If people know, refugees or claimants - people claiming refugee status, know that after paying $10,000 to people-smuggler they're simply going to end up in Indonesia being processed, that's a big disincentive to take the risk.
QUESTION: Have you had any dialogue with your Indonesian counterpart?
BOB CARR: Sorry?
QUESTION: Have you had any dialogue with Indonesian counterparts since the vessel sank on Thursday?
BOB CARR: No, I haven't, no, I haven't but I don't think there's a need for it. I think what happened speaks for itself and it's really a matter - it's really a matter for Tony Abbott, given the nature of things in this Parliament, to resolve, not for the Indonesians.
QUESTION: Senator Carr, the Opposition says that the Government's been [indistinct] by persisting with Malaysia because it hasn't signed the UN refugee convention.
BOB CARR: No, no, read the article by Professor Kessler on yesterday's opinion pages in The Sydney Morning Herald. You've got an agreement with Malaysia that can proceed, that can be monitored, that can be tested, that is orderly. People can go from the Australian Parliament up to Malaysia and inspect conditions. There's accountability.
Without that you've just got the ad hoc solution of people streaming into ports in Indonesia [audio skips] smugglers, the authorities trying to identify the people-smugglers and disrupt and discourage their networks. Now, what is preferable, the orderly, transparent arrangement with Malaysia that is a disincentive to people-smugglers but treats claimant refugees humanely or the mess we've got now?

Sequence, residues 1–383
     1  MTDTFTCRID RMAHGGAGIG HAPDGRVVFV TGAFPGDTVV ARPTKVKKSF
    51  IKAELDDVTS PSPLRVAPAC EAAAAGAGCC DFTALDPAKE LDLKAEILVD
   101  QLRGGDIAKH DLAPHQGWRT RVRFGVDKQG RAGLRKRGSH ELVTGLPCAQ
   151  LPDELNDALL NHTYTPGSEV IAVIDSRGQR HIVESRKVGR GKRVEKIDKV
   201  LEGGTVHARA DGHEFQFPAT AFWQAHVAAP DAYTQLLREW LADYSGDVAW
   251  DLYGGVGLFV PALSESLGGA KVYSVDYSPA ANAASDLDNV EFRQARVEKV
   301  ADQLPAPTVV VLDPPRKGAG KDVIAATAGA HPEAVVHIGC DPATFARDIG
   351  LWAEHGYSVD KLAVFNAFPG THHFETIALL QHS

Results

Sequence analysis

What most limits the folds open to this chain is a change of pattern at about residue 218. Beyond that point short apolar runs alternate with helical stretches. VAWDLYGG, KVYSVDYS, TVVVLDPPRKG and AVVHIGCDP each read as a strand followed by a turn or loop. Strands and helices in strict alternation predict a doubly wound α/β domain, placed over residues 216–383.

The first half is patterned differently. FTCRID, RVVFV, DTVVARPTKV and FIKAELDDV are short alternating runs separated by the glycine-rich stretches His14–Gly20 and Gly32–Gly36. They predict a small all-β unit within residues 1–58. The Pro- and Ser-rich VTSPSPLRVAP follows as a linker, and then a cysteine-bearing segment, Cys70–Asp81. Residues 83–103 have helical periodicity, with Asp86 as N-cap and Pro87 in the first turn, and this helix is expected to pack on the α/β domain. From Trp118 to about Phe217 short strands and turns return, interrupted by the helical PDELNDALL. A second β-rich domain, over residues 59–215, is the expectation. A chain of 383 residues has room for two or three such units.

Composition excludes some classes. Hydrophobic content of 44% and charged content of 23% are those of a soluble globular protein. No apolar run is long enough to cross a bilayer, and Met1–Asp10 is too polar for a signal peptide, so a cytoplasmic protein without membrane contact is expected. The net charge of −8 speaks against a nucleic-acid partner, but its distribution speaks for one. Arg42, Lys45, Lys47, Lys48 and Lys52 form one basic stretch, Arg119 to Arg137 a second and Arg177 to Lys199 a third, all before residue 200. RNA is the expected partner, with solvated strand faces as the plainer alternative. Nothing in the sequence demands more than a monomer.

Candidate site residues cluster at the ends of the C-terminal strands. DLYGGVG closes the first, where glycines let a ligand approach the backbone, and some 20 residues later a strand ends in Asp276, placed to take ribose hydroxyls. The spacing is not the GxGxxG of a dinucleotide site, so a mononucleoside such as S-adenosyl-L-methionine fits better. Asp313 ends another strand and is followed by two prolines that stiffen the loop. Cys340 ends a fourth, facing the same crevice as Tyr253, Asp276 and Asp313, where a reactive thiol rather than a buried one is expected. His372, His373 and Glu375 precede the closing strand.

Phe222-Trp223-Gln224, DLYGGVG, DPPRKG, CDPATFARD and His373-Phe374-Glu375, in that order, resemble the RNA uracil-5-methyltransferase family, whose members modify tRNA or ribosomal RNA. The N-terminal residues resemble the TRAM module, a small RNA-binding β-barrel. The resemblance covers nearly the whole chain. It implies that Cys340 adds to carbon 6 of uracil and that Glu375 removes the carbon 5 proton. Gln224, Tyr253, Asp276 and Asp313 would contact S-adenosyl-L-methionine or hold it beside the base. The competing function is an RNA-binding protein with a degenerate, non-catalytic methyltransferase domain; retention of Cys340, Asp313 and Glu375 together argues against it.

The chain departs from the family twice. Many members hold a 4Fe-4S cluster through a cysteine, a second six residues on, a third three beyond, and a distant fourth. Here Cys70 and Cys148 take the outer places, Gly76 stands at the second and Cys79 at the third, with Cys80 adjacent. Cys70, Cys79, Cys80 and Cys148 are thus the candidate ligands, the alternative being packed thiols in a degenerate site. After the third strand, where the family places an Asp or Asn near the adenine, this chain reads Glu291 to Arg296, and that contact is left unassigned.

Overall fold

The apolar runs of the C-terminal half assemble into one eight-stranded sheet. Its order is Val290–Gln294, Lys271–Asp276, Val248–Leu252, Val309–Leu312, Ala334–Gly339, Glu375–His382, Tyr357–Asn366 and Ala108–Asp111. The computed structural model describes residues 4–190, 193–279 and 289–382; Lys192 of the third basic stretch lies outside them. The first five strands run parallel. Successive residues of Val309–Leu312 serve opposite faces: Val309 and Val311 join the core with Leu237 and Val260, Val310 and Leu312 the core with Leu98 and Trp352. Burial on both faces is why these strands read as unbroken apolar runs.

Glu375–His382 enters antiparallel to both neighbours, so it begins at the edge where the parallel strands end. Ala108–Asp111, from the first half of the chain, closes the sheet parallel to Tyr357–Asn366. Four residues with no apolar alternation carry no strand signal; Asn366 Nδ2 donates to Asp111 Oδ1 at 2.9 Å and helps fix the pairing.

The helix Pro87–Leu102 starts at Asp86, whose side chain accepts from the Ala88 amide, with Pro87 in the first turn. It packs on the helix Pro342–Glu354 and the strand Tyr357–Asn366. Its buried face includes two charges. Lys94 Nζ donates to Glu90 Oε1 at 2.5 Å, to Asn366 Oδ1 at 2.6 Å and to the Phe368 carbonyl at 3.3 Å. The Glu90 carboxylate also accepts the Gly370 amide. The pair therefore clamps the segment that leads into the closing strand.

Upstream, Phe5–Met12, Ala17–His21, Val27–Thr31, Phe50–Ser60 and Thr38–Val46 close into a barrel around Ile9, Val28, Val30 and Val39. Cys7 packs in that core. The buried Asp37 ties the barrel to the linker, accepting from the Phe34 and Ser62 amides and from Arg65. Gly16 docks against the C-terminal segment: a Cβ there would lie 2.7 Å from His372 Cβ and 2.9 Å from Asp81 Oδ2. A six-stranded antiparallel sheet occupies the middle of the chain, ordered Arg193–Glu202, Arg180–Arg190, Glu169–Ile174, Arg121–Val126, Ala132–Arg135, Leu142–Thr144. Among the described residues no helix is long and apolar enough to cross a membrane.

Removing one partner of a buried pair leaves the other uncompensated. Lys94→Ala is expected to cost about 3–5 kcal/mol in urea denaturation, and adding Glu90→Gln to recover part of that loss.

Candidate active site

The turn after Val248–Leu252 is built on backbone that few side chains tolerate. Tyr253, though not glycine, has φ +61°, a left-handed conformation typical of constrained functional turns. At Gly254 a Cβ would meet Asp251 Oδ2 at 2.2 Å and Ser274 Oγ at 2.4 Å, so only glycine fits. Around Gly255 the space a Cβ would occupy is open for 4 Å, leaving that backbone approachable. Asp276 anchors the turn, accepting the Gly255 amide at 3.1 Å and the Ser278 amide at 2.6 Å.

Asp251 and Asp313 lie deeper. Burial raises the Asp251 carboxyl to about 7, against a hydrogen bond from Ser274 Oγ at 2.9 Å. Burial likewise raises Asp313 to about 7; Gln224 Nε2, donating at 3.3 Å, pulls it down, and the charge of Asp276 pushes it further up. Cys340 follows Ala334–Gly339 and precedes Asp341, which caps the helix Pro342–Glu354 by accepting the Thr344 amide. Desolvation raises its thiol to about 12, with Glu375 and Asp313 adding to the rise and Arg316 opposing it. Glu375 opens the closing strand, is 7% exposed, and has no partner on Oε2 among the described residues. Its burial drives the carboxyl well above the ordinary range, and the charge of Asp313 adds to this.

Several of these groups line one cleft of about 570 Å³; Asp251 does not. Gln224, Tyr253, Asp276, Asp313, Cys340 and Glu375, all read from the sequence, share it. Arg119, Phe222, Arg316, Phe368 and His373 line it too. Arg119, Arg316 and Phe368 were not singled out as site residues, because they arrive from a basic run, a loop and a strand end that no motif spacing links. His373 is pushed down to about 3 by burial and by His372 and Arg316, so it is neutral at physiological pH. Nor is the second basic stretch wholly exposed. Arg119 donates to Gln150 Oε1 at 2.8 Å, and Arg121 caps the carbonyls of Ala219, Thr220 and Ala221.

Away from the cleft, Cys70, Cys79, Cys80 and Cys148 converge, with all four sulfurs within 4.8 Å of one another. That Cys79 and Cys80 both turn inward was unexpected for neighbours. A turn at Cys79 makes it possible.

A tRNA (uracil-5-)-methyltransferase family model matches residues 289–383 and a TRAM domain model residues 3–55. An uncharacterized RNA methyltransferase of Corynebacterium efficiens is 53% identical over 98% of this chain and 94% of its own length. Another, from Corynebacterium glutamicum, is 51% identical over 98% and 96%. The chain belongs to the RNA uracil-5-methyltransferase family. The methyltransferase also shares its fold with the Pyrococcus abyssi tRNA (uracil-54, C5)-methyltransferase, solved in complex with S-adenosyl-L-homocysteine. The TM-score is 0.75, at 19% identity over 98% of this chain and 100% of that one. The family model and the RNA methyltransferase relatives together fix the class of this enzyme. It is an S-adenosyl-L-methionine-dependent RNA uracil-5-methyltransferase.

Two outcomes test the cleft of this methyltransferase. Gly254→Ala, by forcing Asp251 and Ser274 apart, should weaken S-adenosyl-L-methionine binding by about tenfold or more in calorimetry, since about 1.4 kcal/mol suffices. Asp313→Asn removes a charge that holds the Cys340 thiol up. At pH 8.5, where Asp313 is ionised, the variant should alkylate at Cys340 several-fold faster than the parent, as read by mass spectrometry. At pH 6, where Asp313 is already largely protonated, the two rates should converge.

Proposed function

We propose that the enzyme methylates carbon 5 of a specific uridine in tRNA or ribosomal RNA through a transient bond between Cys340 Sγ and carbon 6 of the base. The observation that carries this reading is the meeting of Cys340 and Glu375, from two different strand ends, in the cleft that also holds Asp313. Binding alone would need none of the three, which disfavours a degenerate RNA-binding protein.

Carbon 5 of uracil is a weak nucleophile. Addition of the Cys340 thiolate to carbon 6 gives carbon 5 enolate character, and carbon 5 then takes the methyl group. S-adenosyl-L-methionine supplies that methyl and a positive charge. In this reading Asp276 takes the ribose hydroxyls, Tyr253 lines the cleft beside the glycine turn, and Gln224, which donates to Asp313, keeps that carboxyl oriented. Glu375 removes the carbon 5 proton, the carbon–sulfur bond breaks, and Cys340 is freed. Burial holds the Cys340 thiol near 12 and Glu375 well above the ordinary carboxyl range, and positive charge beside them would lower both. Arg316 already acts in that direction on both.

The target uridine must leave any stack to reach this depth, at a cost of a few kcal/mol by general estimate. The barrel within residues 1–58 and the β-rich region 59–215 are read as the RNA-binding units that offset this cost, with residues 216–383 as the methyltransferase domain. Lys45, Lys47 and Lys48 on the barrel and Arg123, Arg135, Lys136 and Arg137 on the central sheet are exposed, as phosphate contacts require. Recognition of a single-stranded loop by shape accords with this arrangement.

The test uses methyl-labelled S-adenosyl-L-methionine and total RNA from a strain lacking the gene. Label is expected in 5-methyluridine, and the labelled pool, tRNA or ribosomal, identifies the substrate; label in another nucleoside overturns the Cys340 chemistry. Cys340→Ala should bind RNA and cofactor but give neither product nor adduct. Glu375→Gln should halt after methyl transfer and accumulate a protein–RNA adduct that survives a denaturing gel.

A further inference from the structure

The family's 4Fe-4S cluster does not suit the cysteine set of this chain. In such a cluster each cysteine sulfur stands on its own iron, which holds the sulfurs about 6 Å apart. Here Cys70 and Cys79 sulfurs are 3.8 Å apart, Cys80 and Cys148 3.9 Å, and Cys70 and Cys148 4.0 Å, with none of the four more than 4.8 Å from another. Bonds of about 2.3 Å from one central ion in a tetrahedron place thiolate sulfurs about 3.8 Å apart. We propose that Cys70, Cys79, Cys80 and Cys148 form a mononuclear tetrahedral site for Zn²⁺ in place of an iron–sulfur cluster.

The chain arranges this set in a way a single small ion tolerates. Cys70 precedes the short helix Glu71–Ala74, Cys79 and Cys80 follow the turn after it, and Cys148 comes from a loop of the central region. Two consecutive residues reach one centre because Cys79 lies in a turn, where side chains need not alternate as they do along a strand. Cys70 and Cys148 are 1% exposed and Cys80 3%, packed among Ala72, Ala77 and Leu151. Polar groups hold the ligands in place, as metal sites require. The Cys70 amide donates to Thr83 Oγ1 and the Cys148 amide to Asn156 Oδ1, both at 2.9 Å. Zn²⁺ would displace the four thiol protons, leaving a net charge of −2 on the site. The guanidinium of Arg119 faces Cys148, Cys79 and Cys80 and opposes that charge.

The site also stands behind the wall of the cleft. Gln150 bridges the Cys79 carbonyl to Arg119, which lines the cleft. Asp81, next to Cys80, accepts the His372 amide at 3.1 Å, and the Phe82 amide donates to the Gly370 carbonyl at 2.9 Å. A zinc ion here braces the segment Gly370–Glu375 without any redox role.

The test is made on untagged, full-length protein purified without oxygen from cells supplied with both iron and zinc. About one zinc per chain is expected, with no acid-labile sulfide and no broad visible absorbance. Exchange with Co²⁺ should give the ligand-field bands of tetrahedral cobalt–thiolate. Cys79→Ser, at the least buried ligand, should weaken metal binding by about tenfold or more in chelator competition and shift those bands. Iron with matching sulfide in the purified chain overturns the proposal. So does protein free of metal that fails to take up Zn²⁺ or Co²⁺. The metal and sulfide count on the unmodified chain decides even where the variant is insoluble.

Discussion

QUESTION: Mr Carr, on Syria, the UN's indefinitely suspended its mission there. This comes just after Assad declared or admitted that his country's at war. What's Australia's reaction to those two?
BOB CARR: I make an appeal to Russia. Russia has got influence. Russia is a great power. Russia can use that influence to get a transition in Damascus. The sort of transition would be roughly similar to that in Yemen. It means the president stepping down, making way for someone from his party, from his group, who can replace him, someone from the government who can replace him, and opening a dialogue with the opposition.
It means both sides agreeing to a ceasefire. It means work on a constitution and a movement to a free and open election.
But without Russia choosing to exercise its great influence in the world in this fashion, we're left with a deadlock where UN monitoring has been stymied and where there is no ceasefire and where there's no political dialogue at all.
QUESTION: But fighting's now reached the outskirts of Damascus. Surely this is a very grave kind of situation. It's reached the biggest city in the country.
BOB CARR: I think it is undoubtedly grave. It continues to be depressing. The Kofi Annan six-point plan is the way forward. The essence of it is a political dialogue in the context of a ceasefire.
QUESTION: Mr Carr, back to people-smuggling. With Malaysia have you had recent discussions and what have you been telling the government of Malaysia about the strategy for Malaysia…
BOB CARR: No, I haven't but that's the responsibility of my parliamentary colleague, Chris Bowen. The Malaysian solution, the Malaysian arrangement simply makes sense from the point of view of, one, discouraging people-smuggling, because it means the cargos are going to be diverted to Malaysia and, two, safety. It means processing there not risking it all on the high seas. That is the better alternative.
QUESTION: Do you have any plan B if there's no movement?
BOB CARR: I'm not the minister with carriage of this but I'm just adding my voice to appeals to Tony Abbott to give us a humane solution but one that, at the same time, respects Australia's borders.
QUESTION: Members of the Malaysian opposition have expressed concern that they wouldn't support the Malaysia solution. There's an election some time within the next 18 months. There's a chance they may be elected. Do you have concerns about the future of the Malaysian solution if the current government loses power?
BOB CARR: No, I wouldn't speculate about that. That's very hypothetical. Thank you very much.